Warm bath water hid my wrinkled fingers and toes beneath the foam. Bubbles from excess Vel, Mom’s preferred bar soap, frosted my skin and the sides of the tub. Taking a deep breath, I happily sniffed the wonderful, clean scent. From the kitchen I could hear the radio playing a soothing song called ‘Twilight Time.’ Mom called out, “Kathy, you’ve been in the bathtub long enough. It’s time for you to get out.”
I was seven years old. Mom had a hard time getting me to take a bath. But once I was in the tub, she had a hard time getting me out. I had been in the bathtub for a very long time. So long, that one of my sisters came into the bathroom to wash her face. Peering around the corner from my bath, I watched her pat her face dry, open a cobalt blue jar of Noxzema and apply the cream to her face. The cream had a strong, exotic scent which I loved, too.
A slight breeze fluttered the bathroom curtains as I stepped out of the tub. The spring evening air felt soft as velvet wherever it touched my drying skin. As I slipped on a clean nightgown, I examined my wrinkled finger patterns. I felt happy, clean and perfect.
When I walked into the kitchen, Mom picked up shears and a basket. Two of my sisters followed her out the back door. I tagged along asking questions. Mom was picking flowers for my sisters to use at church for a May crowning service.
I stood close to the flowerbed. Some of the plants were taller than me. The smell of the earth, cut stems, and each flower’s perfume mingled with the lingering scent of the bath soap. Through the open kitchen window, I could hear a cheerful, fast-paced song on the radio. My big brother had told me the name of the song was, “The Poor People of Paris.” I wondered why such a beautiful song would be about poor people.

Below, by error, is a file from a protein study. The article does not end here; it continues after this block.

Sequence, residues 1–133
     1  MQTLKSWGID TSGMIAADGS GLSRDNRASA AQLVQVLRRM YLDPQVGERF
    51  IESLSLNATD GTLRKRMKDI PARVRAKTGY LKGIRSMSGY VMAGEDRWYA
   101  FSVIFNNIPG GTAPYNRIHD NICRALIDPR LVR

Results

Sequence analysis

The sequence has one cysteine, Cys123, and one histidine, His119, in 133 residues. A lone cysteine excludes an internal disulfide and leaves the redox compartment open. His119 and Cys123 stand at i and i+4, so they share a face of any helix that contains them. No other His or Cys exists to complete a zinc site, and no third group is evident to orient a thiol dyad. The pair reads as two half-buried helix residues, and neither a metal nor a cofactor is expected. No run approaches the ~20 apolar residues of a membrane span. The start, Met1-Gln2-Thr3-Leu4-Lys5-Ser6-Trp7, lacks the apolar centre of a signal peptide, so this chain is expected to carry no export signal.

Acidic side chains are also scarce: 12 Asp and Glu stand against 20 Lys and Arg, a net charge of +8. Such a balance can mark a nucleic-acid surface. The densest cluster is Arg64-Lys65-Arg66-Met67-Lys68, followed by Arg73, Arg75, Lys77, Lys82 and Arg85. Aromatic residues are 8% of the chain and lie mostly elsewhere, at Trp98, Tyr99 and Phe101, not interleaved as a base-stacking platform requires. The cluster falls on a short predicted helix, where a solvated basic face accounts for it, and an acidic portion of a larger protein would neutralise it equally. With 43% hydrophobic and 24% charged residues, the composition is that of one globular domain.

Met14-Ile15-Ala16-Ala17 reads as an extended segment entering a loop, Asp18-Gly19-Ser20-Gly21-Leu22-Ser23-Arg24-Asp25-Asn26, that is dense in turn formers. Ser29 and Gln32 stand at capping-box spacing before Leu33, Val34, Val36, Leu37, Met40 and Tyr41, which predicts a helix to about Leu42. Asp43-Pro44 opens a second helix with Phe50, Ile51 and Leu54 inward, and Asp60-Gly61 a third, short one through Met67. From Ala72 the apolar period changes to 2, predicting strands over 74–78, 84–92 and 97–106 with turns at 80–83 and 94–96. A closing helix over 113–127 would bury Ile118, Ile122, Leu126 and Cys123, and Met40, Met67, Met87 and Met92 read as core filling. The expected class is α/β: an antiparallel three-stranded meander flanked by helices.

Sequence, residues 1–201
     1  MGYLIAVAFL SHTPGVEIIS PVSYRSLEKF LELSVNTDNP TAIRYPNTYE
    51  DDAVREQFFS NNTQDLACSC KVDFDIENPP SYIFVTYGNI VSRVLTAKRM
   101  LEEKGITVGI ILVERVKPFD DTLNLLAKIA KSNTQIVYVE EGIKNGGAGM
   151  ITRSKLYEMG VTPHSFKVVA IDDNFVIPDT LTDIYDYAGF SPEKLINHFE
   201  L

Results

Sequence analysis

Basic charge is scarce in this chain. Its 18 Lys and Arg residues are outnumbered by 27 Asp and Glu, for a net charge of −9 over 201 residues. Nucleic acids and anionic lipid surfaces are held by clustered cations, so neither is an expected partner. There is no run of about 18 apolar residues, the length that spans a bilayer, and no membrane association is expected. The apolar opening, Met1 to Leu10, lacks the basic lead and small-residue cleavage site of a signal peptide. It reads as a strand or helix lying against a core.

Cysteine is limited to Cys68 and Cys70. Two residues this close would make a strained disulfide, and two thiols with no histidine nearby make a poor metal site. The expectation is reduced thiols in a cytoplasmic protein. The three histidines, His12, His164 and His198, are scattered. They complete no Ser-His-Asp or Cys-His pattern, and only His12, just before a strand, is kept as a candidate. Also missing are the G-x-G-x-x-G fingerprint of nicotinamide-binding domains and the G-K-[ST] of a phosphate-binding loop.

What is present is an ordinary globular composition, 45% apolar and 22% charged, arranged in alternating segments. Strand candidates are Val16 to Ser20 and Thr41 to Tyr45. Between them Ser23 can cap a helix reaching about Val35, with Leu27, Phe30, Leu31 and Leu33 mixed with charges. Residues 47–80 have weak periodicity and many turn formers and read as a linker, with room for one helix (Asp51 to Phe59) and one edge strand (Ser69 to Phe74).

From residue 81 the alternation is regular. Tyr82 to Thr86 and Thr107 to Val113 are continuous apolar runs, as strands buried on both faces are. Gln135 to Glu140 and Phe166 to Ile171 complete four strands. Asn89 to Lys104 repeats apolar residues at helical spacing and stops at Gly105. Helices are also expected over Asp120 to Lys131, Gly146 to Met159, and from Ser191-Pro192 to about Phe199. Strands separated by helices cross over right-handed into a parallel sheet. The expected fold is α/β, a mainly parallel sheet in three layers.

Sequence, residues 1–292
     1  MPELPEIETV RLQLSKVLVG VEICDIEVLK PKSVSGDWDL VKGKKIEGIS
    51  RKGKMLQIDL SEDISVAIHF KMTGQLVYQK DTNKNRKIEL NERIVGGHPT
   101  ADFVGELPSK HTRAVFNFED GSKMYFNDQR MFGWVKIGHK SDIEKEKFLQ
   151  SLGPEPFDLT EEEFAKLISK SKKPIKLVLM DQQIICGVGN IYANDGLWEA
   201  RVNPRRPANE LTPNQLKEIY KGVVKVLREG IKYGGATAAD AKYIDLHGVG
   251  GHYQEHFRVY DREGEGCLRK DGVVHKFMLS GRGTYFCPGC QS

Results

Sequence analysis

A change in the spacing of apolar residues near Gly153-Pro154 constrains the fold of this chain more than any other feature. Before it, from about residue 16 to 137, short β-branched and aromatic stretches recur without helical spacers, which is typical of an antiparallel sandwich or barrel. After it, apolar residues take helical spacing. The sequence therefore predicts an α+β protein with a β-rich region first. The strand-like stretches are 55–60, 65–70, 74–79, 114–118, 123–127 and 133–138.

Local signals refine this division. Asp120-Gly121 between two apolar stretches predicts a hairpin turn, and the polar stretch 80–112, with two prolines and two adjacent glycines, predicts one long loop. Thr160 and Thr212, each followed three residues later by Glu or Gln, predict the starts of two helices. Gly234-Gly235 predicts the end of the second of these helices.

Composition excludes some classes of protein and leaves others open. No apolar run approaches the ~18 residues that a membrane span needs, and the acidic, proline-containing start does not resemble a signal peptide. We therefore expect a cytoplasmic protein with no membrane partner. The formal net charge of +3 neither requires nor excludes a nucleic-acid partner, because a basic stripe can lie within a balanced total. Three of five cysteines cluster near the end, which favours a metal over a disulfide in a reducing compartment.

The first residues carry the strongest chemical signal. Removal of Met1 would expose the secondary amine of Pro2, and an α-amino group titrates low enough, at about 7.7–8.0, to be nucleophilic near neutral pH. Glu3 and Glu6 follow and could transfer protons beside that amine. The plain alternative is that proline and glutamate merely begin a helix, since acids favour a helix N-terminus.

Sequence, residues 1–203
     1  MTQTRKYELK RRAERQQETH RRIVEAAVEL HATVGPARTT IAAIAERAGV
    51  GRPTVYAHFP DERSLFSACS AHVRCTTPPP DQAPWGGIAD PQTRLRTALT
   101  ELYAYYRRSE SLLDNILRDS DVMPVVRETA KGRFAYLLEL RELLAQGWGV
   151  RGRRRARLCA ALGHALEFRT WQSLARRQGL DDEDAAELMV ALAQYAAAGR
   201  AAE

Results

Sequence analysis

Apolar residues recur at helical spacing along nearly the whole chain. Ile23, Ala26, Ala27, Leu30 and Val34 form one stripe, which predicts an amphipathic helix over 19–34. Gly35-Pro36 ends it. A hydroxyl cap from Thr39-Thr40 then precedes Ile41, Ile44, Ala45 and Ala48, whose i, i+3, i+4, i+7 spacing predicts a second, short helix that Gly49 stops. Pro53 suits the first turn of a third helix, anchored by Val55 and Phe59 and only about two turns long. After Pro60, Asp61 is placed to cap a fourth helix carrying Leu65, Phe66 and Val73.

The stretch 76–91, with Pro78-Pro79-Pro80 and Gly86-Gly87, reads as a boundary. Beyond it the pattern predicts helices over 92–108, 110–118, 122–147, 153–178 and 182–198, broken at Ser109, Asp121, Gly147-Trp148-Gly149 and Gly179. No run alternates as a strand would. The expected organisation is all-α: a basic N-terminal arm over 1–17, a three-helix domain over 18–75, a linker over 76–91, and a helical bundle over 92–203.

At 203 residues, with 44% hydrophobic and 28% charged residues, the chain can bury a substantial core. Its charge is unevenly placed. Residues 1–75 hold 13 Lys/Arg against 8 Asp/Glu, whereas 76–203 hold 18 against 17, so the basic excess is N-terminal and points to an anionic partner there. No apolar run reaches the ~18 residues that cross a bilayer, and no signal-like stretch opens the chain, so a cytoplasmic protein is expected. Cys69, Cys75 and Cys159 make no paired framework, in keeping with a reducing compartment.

Most of us have many small, seemingly-insignificant memories. They are strong and can be vividly recalled in their entirety with just one whiff of a pungent face cream, or a snatch of an old, nearly forgotten tune. They whisk me from now to then in an instant. I call them transporter memories.
One of my sisters recently commented on a memory she has of standing next to Mom’s flowerbed where hundreds of phlox were blooming on a warm day. She remembers with sharp detail how beautiful the scent was and how peaceful the steady droning of the bees sounded as they gathered nectar. It was such a small memory, but for her it evoked a strong, lifelong impression.
Children often have a highly developed sense of smell. When neighbors and friends came to visit, I identified each guest by the way their coats smelled, piled on Mom and Dad’s bed. One person burned wood, others smelled of gas stoves, certain wash detergents, tobacco or hair products. Since growing up, I’m not as conscious of scents.
Sounds also affected perception of life as a child. The sounds that stick with me from childhood are ones adults don’t hear or count as important. Things like the creak of a stair board, wind blowing, distant voices from another room and popular radio songs from the past frame many of my memories.
Listening to the Kingston Trio sing, “Hang down your head Tom Dooley” takes me back to sitting in Mom’s kitchen, feeling the warm sun through the window and watching her make schtaritz.
Warm summer evening breezes, the smell of strawberries and the sound of robins scolding recalls my five-year-old self watching Mom find bird-pecked berries in the strawberry patch. She looked up at me to complain, “Listen to those robins, Kathy, they’re laughing at us!”
These memories keep me grounded. Life isn’t always warm, comfortable, happy or nice-smelling. For those times I hold these sweet moments in reserve.